Identity thieves steal your personal information (name, social security numbers, driver's license, etc.)
and use it for personal gain. It can happen when hackers break into your computer, but also
when you provide personal information through any other communication.
What you can do
- In public: Don't give any personal data verbally (driver's
license, SSN, email address, etc.). Don't let your credit card be taken
out of sight. Question "Why" a business needs more personal data.
- PC: Limit access to your computer. Install good firewall
hardware and software. Ensure secure authentication is turned on. Use good
passwords for each user.
- Phone: Verify who is calling before providing personal data.
Question "Why" more personal data is needed.
If you didn't expect the call, call them back at the public number.
Don't provide data on household members (age, gender, birthdays,
- Email: Be cautious about clicking on links. Telephone a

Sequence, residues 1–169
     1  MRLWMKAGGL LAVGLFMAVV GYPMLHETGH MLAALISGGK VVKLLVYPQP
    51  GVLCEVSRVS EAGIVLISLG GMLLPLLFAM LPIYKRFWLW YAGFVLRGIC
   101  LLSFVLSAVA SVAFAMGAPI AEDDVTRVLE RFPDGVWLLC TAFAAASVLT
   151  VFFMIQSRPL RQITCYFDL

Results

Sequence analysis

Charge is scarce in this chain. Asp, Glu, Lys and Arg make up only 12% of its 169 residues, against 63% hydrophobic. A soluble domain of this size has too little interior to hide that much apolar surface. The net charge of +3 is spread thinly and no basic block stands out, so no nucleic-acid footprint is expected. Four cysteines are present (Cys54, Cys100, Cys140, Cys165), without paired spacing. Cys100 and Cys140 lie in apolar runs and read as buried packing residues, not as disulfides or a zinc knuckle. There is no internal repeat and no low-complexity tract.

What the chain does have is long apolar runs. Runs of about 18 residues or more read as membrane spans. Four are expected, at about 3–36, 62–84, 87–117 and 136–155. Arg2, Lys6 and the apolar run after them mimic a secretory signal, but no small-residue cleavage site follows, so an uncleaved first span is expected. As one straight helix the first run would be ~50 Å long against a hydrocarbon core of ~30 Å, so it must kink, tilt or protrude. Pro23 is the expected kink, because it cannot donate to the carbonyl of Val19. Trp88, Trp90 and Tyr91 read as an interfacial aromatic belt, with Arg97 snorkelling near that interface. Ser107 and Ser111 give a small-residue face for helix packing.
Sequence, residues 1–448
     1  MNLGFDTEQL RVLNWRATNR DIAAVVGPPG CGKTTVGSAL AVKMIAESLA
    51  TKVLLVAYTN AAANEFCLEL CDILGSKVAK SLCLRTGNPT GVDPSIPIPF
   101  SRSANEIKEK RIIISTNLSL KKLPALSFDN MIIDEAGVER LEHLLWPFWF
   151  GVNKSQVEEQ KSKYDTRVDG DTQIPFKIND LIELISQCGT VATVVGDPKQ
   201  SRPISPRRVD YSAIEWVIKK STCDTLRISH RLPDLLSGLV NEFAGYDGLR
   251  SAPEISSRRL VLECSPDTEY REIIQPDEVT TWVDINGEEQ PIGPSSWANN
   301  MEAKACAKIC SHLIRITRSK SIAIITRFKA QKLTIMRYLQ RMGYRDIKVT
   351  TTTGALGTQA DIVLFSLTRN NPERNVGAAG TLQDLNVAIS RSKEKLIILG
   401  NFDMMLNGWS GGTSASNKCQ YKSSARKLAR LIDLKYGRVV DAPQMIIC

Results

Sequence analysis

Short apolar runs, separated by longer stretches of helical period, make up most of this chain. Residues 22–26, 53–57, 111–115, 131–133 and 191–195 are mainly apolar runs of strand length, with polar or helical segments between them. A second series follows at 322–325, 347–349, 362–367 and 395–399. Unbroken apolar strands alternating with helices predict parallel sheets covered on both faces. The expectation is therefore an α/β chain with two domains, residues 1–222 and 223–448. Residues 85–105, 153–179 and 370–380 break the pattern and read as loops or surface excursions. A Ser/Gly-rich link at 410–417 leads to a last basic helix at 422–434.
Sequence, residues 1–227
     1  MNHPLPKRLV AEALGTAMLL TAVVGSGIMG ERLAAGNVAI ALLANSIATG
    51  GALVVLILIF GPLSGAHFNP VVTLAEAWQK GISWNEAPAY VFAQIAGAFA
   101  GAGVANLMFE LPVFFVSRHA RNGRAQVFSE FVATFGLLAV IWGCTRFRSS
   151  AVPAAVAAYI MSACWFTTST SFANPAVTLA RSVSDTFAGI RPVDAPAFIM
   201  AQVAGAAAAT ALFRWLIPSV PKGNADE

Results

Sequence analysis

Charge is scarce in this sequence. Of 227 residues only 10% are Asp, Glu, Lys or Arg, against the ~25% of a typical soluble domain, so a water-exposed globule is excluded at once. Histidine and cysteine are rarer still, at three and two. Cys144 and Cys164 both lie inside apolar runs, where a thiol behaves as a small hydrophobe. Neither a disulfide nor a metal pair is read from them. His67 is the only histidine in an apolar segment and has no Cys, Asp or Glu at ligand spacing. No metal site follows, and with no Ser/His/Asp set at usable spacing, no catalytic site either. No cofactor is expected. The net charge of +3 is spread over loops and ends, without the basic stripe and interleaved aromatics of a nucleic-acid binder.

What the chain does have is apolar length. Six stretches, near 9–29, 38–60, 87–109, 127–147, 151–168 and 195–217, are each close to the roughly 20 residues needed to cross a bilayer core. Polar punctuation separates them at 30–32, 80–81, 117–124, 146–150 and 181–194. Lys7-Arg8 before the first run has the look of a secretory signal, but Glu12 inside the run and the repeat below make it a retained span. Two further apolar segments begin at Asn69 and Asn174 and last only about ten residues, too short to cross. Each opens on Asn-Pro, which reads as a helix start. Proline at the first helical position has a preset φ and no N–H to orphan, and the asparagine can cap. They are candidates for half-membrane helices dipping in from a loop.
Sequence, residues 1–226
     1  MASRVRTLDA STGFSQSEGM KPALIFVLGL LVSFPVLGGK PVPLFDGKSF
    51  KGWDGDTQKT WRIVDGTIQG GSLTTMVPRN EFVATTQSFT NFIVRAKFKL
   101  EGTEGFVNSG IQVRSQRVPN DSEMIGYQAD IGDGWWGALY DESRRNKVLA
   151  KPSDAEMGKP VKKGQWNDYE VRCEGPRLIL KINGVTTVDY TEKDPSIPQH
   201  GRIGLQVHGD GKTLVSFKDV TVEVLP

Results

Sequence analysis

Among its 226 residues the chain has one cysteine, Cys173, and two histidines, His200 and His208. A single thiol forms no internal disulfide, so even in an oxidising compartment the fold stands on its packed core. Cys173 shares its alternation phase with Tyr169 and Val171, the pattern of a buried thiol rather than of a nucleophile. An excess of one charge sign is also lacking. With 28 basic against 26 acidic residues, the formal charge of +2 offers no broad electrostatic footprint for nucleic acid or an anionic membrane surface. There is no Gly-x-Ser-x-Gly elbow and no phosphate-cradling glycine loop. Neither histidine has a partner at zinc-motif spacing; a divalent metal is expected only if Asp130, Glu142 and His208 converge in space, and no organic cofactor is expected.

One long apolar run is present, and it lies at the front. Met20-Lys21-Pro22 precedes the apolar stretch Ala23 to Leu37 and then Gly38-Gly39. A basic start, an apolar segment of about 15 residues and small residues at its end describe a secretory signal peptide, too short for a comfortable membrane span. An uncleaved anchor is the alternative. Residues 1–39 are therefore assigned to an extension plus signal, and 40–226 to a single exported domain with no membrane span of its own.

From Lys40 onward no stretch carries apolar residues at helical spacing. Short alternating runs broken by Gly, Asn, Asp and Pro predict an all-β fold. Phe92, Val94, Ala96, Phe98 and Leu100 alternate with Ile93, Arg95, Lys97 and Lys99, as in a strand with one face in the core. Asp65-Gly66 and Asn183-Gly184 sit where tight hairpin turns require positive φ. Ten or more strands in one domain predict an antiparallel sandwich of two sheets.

company directly to verify it sent an
email message. See phishing and scams and
- Web: Verify the website is a reliable business. Before
providing personal data, ensure the site has a secure icon and/or "
https" in the web address.
- Read 14 tips to avoid identity theft by Frank W. Abagnale.
- The Federal Trade Commission:
- The Justice department:
- Other sites:
Nationwide consumer credit-reporting companies
Use this contact information if you need to place a fraud alert on your credit reports.
Did you know?
You can obtain a Free Credit Report from each major credit bureau once every year from
AnnualCreditReport.com. No other
site on the Internet will give you free--no strings attached--credit reports. To learn more
about getting your free credit report annually check out the FTC's
Facts for Consumers when ordering free credit reports.